TODAY’S BREW: Sexy chocolate cherry coffee.
Twitter was all aflutter today with my irritated musings about reading The Wolf Gift by Anne Rice. Enough so that I realized it was madness not to do a post on it.
Though possibly not as mad as the fact that I will probably finish this book.
Find me a vampire novelist who isn’t an Anne Rice fan. I parted ways with her when she became too stretchy with the Vampire Chronicles, when it became repetitive and gratuitous. Then the Jesus thing happened, and I was totally out. When I spotted The Wolf Gift, I was so excited to see classic Anne Rice back.
It is becoming apparent that what is classic is sometimes just dated. This is no exception, though it was only published last year.
The premise of the novel is pretty cool! (SPOILER ALERT) A priveleged young reporter becomes a werewolf, and can smell evildoers, and wants to kill the hell out of them. He maintains his human consciousness the entire time. When the transition occurs, Reuben welcomes it every time; it’s an orgasmic experience and he loves the power it gives him.
But long, long descriptions slow down the pace of what should be a very intense novel, making it just dull to read. That’s all there is to it, just dull. Well written primal scenes of slaughter and transformation are far too infrequent, and even these lack fast paced writing. It all feels too steady, not like a man teetering on the brink of a new reality. If the old lady in Titanic were telling the story it would be more enthusiastic.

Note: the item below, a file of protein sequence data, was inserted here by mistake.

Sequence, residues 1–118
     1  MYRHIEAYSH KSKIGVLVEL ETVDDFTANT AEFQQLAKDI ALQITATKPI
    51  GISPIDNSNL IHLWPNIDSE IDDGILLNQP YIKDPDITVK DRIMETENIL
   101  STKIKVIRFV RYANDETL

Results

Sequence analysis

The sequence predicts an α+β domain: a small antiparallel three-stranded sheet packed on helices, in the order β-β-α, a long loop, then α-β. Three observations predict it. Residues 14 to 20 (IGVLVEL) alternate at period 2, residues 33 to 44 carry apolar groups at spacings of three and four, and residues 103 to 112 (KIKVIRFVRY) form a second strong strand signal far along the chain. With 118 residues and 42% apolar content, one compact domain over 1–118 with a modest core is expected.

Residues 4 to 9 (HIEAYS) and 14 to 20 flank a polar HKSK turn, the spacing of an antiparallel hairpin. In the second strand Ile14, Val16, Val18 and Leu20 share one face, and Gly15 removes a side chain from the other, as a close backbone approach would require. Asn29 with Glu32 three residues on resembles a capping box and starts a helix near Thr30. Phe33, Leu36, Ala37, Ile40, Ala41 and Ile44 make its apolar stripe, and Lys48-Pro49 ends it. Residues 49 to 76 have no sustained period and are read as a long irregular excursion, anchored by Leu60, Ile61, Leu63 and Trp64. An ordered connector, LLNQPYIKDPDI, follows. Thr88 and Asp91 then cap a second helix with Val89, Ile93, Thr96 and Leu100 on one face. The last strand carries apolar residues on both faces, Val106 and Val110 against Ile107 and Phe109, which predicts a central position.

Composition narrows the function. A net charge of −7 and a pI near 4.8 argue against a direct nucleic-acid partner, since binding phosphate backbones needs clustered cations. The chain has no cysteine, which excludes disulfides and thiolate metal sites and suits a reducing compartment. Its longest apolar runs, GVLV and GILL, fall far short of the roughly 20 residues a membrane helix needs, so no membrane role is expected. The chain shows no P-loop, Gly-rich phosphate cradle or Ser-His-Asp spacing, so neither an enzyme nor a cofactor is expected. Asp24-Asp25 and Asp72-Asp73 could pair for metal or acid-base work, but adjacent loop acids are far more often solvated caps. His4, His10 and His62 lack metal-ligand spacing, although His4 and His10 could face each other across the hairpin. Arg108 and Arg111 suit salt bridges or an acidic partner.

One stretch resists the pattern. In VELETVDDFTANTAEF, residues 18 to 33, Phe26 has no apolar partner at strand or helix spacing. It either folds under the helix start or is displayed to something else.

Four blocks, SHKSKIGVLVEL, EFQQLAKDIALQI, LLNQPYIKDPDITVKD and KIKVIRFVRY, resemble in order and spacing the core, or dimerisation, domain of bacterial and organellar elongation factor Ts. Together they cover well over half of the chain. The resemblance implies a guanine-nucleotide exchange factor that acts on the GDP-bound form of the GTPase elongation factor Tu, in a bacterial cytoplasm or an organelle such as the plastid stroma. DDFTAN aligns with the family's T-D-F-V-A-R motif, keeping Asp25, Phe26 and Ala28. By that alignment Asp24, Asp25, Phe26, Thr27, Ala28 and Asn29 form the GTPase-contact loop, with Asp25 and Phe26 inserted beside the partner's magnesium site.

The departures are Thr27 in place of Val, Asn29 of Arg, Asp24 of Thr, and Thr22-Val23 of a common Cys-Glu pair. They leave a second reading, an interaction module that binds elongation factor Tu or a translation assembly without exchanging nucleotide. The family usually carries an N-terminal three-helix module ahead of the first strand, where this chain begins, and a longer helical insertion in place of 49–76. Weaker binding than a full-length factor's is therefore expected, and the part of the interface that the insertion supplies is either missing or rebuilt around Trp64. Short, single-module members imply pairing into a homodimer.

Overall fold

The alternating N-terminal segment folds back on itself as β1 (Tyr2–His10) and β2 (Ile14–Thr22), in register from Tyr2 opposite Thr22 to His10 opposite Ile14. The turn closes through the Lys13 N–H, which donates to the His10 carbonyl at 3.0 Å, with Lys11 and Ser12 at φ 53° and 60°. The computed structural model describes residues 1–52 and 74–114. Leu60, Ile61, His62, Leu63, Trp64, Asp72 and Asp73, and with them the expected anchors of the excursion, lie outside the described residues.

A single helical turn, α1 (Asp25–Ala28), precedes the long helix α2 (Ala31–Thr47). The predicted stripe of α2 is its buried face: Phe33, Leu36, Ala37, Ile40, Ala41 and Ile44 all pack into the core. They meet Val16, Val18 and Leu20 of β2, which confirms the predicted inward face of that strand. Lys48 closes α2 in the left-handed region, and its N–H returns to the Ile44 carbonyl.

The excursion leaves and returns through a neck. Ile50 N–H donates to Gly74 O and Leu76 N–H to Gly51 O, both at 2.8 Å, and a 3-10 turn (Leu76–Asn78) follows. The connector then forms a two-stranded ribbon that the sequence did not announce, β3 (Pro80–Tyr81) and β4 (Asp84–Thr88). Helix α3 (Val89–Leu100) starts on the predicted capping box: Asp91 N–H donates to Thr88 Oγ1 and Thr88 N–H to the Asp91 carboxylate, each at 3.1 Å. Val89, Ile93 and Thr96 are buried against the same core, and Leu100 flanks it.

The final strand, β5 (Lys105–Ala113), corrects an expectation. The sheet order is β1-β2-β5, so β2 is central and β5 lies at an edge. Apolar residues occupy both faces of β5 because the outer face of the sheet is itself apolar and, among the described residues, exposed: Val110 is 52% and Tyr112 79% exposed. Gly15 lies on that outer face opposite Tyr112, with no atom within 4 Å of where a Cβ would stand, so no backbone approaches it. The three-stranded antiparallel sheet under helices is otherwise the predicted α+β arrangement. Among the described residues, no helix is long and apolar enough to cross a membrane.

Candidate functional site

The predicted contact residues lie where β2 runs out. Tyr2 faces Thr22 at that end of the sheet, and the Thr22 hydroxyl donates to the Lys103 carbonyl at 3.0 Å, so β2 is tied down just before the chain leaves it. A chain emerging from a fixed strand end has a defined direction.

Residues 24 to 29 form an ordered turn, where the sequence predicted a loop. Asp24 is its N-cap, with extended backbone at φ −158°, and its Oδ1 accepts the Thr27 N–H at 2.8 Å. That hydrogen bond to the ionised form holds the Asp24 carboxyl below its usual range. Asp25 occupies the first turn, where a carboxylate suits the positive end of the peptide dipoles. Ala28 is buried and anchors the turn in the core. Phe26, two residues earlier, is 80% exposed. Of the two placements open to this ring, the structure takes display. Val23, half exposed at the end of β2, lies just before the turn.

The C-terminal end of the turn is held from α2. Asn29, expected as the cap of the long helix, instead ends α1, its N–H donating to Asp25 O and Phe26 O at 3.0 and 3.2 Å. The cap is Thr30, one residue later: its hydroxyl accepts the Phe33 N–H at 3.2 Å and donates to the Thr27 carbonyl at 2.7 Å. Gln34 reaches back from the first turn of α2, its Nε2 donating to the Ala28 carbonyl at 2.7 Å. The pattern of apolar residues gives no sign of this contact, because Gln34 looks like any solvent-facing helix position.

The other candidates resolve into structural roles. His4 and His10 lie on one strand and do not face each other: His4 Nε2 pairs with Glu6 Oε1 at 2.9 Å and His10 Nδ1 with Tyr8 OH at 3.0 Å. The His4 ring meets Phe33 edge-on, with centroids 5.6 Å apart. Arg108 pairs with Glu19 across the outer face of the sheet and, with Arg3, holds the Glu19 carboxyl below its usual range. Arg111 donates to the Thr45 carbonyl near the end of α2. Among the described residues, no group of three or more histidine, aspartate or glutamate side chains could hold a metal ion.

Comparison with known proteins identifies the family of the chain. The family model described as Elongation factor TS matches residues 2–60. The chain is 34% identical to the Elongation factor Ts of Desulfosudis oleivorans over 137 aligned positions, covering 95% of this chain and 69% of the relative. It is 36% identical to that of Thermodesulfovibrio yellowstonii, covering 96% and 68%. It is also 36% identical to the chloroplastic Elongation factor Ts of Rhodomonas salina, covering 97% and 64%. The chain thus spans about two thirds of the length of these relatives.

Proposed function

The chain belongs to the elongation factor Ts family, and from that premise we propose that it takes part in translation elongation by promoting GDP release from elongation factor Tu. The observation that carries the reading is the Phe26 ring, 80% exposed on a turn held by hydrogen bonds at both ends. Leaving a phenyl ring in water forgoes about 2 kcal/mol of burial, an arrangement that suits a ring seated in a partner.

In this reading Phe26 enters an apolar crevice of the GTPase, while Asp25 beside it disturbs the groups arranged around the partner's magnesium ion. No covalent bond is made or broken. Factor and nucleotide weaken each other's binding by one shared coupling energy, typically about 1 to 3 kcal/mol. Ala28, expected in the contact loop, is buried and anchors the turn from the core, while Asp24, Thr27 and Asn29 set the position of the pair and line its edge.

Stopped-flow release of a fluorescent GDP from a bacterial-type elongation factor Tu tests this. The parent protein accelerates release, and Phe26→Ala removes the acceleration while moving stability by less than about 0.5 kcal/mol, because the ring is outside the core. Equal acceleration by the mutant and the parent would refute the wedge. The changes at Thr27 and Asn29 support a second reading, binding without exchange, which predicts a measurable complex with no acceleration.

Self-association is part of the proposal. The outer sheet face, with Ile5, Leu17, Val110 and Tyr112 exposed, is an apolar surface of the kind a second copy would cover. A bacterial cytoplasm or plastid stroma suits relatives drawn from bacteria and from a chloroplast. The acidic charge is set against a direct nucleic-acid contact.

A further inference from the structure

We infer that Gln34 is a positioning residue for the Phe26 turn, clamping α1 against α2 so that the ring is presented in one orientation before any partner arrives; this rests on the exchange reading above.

Reuben has three different lovers in the first 200 pages. Fun, yes? NO. His fiance is cold, dull, and absent. The older woman whom he has a one night stand with dies immediately, but he, of course, is crazy in love with her from the get-go. Until he finds a middle aged weirdo in the woods, Laura, who he should be having explosive werewolf sex with. Instead we are faced with sentences that dilute phrases like “naked and pink against him” with the nightmare of “her nipples like petals.”
How the fuck are nipples like petals?
TWO pages of describing the house in the sex scene. Really? Then, the morning after, when there should be interaction and a bit of freakout, he is immersed in thought about the wraparound porch that he isn’t even looking at or sitting on. What the holy shit? I mean, you lost me at flower nipples, but I ran screaming with descriptions of tables when we should be talking about screwing.
We hear as much from the caretaker about the maintenance on this huge old house as we do from Reuben’s family, and trust me, that’s too much. What is this, the frigging Shining? Your house issues have no relevance here.
I am halfway through this sad state of affairs, and will finish it, it seems. Anne Rice is a classic, but she is also OLD and I am sick and tired of all her lies. Well, maybe just her description of lies and houses and streets and weather and hair and bullshit that doesn’t matter. The end.